The ultimate question is not 'How is America?' but 'How is the church?'….The essential teaching of the early church regarding how Christians live in the world is captured in this threefold tension: (1) the church is separate from the world; (2) the church is nevertheless identified with the world; and (3) the church seeks to transform the world. These three motifs are especially helpful to our understanding of the place of the church in the postmodern world….Those who believe in a Christian responsibility to the world are sensitive to their calling to be 'salt' and 'light.'
They want to witness not only privately but also publicly through their lives and the values they express in every situation. Like Christ, the church will identify with the world, speak prophetically to the world, and minister to the world in a priestly fashion. It will do so by recognizing that Jesus is Lord over all systems, ideologies, and institutions."

Ancient-Future Faith, Robert Webber, theology professor at Wheaton, Baker Books, 1999

"Perhaps the greatest challenge to evangelicalism in the next generation is to develop an increasing intellectual commitment without losing its roots in the life and faith of ordinary Christian believers. The strongly negative associations of the term 'academic' are a constant warning of the dangers of formulating a sophisticated theology or worldview without engaging firmly with the agenda and concerns of the church. It is the easiest thing in the world to aspire to intellectual erudition; developing this while remaining firmly in touch with the realities of the common Christian life is a somewhat more daunting task….Yet it remains a task which must be undertaken….The 'scandal of the evangelical mind' (Mark Noll) lies in the fact that, in the recent past, evangelicals have failed to allow their faith to shape their understanding of the world."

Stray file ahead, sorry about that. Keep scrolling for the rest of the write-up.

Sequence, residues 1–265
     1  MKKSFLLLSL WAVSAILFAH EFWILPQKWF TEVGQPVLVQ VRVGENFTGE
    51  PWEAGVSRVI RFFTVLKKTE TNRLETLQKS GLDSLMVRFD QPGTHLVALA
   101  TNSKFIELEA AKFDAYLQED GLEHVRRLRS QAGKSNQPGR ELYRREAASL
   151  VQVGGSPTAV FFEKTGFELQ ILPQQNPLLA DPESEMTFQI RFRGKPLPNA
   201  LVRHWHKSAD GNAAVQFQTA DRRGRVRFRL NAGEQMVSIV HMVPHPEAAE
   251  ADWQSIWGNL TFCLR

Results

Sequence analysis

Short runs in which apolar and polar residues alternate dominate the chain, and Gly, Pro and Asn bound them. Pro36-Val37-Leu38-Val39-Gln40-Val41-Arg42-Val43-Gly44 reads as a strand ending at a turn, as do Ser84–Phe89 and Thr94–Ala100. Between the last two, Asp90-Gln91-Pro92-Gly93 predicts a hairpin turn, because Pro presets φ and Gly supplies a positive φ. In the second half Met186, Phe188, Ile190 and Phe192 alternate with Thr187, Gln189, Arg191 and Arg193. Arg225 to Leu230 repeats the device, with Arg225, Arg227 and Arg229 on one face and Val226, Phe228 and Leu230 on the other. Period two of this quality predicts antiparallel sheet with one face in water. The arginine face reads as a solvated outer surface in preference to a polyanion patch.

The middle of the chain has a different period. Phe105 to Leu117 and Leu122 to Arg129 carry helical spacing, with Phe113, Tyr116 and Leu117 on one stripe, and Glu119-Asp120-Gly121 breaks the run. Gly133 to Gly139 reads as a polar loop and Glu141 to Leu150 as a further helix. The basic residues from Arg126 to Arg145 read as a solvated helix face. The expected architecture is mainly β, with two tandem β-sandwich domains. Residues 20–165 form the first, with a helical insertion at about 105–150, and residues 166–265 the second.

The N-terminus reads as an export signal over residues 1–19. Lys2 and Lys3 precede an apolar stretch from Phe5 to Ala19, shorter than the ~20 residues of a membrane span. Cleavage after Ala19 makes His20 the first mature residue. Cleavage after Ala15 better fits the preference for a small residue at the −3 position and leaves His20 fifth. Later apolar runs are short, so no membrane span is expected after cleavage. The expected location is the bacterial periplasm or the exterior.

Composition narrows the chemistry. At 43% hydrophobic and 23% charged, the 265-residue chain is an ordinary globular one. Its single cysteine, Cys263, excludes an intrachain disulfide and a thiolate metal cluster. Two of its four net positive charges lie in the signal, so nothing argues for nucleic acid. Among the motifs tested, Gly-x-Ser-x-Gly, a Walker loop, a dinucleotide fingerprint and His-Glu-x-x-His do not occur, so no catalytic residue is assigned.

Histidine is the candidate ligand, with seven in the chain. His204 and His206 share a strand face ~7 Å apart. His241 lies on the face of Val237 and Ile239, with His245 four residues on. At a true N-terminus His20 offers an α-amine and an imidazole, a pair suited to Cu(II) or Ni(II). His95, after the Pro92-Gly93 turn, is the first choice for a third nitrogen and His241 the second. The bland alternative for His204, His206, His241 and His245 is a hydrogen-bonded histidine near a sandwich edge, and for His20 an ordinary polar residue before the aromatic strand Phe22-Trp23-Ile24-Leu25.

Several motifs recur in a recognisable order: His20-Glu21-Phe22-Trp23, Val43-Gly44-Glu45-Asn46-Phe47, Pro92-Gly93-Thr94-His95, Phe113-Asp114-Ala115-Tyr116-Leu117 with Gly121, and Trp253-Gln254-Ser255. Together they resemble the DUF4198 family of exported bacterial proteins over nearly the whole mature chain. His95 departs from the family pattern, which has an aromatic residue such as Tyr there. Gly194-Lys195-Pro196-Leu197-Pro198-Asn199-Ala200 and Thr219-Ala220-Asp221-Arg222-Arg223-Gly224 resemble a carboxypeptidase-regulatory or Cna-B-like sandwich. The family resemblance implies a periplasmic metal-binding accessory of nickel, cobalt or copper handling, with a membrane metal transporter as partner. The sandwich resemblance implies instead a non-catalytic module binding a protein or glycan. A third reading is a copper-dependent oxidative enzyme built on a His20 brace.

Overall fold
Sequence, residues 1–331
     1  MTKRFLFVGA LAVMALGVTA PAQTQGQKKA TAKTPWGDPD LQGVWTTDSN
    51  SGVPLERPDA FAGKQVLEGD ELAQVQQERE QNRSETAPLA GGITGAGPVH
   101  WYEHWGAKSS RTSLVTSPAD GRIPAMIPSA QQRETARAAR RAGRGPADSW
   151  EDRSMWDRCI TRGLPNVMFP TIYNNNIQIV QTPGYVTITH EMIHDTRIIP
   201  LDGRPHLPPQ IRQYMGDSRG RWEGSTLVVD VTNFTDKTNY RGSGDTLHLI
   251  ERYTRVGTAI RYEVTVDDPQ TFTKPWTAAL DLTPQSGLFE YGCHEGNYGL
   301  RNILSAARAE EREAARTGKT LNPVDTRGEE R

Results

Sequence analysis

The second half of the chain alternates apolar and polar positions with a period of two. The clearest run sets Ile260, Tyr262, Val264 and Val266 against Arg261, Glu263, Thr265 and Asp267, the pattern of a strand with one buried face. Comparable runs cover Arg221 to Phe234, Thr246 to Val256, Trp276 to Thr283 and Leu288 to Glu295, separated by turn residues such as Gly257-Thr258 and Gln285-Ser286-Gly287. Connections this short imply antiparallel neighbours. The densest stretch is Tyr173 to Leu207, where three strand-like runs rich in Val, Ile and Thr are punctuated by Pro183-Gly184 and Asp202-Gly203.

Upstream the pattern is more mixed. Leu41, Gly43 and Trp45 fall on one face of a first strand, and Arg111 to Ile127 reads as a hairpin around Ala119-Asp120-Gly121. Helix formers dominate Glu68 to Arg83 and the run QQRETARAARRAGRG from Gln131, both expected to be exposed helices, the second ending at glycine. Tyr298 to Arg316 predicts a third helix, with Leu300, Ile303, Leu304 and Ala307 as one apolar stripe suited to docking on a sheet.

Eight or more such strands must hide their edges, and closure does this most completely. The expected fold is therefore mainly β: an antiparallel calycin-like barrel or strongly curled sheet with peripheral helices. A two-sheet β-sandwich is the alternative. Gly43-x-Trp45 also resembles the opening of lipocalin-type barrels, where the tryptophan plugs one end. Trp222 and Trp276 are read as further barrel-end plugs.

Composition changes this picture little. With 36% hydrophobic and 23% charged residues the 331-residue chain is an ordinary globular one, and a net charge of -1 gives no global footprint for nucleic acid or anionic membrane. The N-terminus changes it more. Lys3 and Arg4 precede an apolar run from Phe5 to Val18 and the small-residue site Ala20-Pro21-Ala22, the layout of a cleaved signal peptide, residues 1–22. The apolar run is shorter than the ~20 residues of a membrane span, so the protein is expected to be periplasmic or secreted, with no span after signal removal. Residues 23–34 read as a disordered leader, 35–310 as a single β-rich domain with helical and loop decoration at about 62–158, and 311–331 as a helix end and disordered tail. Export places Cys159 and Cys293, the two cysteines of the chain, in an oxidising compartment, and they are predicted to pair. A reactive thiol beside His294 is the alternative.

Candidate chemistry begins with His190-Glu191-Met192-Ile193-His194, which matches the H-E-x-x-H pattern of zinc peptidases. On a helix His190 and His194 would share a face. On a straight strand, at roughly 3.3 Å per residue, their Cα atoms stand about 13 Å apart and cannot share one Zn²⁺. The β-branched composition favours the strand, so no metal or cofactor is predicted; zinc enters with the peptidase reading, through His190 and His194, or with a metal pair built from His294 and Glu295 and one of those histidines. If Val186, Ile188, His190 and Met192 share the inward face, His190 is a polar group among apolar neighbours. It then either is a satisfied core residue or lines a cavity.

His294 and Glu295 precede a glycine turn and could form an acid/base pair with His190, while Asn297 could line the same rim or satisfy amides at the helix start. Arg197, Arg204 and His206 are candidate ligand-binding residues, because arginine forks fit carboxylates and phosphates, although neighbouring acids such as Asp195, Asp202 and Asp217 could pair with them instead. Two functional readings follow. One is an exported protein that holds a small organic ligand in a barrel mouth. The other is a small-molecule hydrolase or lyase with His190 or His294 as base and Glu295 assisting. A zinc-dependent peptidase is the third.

A Passion for Truth: The Intellectual Coherence of Evangelicalism, Alister E. McGrath, IVP, 1996.

"When you sit at the beauty salon or the PTA meeting and hear someone carry on about truth begin 'whatever works for me,' do you sit there uneasily, thinking, I know that she's wrong, and I don’t' believe that, but you are unable to articulate why she's wrong? When Johnny is asked to prepare for a debate on animal 'rights,' do you know what principles are involved and where to find biblical support for your values? Can you help Johnny understand why we draw a line between animal life and human life and how he can communicate that to his class and teacher?…help you understand today's turbulent times--times when the meaning seems to be leaking out of people's lives. The first part deals with the most abstract but most important larger issue: the meaning of truth in a culture that is no longer Christian. What is truth? If white is 'true for me' and black is 'true for you,' and everyone else 'feels' rather gray, how do we teach our children to cling to what is really true, especially in world of endless options and opinions?"

Worldproofing Your Kids, Lael Arrington, Crossway Books, 1997.

" We're going to have to fight much more against the idea that all religions are on a par, so that they are all ways to God….Also, their insistence that Jesus was no more than one of the world's many great teachers about religion is growing stronger….It will take us a couple of decades to get out of the swamp of what's being called postmodernism--a recently developed post-Christian philosophy in which relativism is all, and you have no notion of absolute truth.